Eagleman was my big target race for the first half of the season and after having a very successful Knoxville race, I was excited to do my first WTC/Ironman brand race as these events always bring a higher level of competition than most of the local races I’ve competed in the past. I had been warned by too many people how hot, humid, and windy the course conditions get despite being a relatively early summer race in the mid-Atlantic. True to the hype, the race lived up to its reputation with high temperatures of 90 degrees and winds of 10-14mph. This race has been the toughest race I’ve ever done and it tested my will as an athlete. It definitely humbled me in many ways.
Despite feeling confident and mentally ready to race, I’ll admit that I had doubt about my heat acclimation preparation as I had done too few sessions to get properly acclimatized. Following the same pre-race ritual and nutritional preparation I did in Knoxville, I was feeling relaxed and ready to go. It was surprising that the swim would be wetsuit legal given how hot it was and even though wearing a wetsuit is always faster I debated whether I should still wear mine – I did. At the swim start I connected with my friend and also former Villanova swimmer, Mike Phinney. Mike is one of the top triathletes in the country (he also ended up winning the overall Age Group category) and I knew that if I wanted to give myself a chance to be a contender in this race, I needed to stay close to him. At the swim start I was feeling good but halfway through I started feeling really hot inside the wetsuit. At that point I was still swimming next to Mike but towards the last part of the swim, Mike pulled away and I decided it was best to slow down a bit as I was already putting a bigger effort than planned.
Unlike my previous two races this year, as soon as I got out of the water my heart was pounding hard and I felt a bit dizzy. I tried my best to regain my bearings exiting transition and immediately focused on lowering my heart rate. Knowing what type of bike effort I had been able to sustain in Knoxville, I was determined to at least match it or, if needed, lower it given the heat and wind conditions. It took me almost the first third of the bike leg to find a good rhythm to my legs and aero position. But by the half way mark, my left quad started twitching and cramping a bit. The sun was also coming out in full force and I could feel my neck radiating heat. I knew then that I needed to lower the bike effort significantly and resolved to trade my leg power output for a more aero position. I figured this way I could still sustain good speed as the course is very flat and there was a slight tailwind the last 6-8 miles. I also slowed down at every bike aid station to get fresh water to drink and to cool down. I got a bit upset during the last part of the bike that I couldn’t fully get my legs to stop twitching even though I kept slowing down.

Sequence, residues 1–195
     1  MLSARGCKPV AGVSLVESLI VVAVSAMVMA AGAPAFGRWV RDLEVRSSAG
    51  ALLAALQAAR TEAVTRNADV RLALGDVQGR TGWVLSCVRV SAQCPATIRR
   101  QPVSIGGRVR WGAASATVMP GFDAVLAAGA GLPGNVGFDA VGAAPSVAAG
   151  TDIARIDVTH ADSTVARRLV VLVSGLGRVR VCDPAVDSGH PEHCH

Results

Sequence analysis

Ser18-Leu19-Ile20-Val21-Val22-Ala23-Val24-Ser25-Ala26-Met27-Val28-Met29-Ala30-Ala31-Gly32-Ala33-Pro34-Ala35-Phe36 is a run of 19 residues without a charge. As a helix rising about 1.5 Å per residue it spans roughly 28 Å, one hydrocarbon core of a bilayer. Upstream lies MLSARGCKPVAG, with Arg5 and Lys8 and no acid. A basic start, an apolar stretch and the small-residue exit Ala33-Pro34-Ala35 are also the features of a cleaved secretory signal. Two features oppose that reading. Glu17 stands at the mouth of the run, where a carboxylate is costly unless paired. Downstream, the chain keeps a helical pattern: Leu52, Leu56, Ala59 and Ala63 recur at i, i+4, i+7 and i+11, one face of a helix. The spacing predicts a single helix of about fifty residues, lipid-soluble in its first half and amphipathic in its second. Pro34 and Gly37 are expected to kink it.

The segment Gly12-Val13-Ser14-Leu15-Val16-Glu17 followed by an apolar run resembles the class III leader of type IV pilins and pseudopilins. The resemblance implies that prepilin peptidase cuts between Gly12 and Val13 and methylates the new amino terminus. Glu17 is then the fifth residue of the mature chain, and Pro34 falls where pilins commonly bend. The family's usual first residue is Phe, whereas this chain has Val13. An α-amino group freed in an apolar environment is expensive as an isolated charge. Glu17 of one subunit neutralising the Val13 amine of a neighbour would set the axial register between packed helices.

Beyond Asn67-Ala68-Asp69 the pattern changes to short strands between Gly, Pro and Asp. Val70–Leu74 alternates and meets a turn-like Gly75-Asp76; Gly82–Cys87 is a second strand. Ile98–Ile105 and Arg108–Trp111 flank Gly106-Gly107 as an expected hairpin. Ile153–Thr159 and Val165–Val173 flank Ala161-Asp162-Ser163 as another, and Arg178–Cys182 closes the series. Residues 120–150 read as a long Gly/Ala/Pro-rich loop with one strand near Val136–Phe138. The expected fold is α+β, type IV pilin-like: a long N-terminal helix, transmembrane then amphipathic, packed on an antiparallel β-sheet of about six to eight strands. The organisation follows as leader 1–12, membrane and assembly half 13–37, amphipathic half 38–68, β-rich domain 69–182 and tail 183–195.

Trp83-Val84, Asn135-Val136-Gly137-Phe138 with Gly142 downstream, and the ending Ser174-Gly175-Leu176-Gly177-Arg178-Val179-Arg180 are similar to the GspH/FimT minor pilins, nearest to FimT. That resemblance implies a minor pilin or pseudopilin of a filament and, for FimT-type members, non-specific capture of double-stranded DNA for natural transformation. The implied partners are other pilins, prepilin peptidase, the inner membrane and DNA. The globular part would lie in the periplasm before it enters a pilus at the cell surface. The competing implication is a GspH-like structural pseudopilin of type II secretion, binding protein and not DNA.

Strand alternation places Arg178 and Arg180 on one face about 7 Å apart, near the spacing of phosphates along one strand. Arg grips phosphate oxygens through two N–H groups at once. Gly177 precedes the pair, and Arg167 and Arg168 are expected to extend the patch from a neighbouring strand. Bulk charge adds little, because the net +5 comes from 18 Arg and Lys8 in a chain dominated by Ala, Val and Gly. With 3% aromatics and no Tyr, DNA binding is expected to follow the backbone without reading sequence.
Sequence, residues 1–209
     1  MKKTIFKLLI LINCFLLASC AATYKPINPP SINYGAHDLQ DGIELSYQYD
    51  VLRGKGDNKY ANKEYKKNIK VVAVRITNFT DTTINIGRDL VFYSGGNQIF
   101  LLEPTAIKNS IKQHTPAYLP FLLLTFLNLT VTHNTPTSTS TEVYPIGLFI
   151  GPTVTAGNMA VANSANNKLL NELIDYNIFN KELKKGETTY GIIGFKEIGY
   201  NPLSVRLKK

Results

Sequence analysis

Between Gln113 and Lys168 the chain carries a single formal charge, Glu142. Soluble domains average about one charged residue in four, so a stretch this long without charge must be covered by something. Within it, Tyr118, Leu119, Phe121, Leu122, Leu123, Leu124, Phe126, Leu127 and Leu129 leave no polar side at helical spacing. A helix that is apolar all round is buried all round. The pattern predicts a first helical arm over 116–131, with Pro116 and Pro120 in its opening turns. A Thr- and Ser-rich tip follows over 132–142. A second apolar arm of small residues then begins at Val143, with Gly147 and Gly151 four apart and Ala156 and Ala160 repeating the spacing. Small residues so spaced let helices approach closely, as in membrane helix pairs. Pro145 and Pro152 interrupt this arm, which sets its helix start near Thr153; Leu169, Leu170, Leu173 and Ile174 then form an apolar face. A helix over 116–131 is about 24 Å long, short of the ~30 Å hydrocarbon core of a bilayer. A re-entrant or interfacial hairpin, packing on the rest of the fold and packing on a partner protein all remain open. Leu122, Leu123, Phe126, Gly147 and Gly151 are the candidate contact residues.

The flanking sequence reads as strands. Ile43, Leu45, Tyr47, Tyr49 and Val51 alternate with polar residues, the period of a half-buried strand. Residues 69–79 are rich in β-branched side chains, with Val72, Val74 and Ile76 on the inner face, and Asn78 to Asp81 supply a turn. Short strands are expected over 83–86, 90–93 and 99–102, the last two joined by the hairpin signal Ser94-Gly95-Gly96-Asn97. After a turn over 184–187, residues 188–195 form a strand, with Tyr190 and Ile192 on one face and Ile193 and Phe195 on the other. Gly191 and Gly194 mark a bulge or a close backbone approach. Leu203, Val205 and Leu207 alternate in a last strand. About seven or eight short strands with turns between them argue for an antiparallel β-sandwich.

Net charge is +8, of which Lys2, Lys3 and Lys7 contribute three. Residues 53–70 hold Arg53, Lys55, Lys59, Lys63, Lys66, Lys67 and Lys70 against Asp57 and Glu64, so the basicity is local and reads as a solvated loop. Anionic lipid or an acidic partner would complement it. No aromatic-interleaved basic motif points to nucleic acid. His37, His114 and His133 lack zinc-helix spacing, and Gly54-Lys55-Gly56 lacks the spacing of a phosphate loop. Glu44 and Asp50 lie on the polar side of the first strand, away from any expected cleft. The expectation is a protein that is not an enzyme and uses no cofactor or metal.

As soon as I got out of the bike, I knew that the half marathon ahead was going to be a tough battle. This time around I had no happy feelings about my readiness to run whatsoever. By now the heat was beaming full fledge and all I could think of was to find ways to cool down. From the get go my legs were on the verge of fully cramping. My mind immediately took me to places I have never experienced during training or racing. It was a good thing that Irma and coach Greg were cheering around the second mile marker because I almost wanted to start walking right before I saw them. There was no Nina Simone inspiration that could save me out of this one. I knew that if I kept focusing on the negative aspects that were happening I would not even succeed at finishing the race so I made a deal with myself to 1) think about happy thoughts (happy moments with Irma and Isa, happy moments racing, happy songs, happy anything!) and 2) commit to simply make it to the next run aid station and cool off as much as I could. This strategy to break down the run into pieces helped a ton and it carried me through the darkest moments. As much as I was hurting during the run, there were dozens of athletes hurting just as much, and to see everyone’s resilience to push themselves was inspiring. As I approached the finishing chute, I took a moment to appreciate that day’s racing and not quitting despite the brutal conditions.
Being someone who loves to race and compete, it was hard to accept the fact that my body couldn’t respond to what I wanted it do or that I didn’t get the result I wanted. But one of the best lessons I’ve learned from coach Greg is the importance of properly framing racing in a healthy way and not letting the pressure of desperately wanting a specific result discourage or drain your emotional energy. I’ve had a good streak of better-than-expected results for each of my previous three races and I knew that at some point that streak was going to be tested. This race taught me a ton of important lessons and I will certainly take everything learned to continue improving. Like many other things in life, what defines us is often how well we rise after falling. I know this much about myself: I am ready to rise again.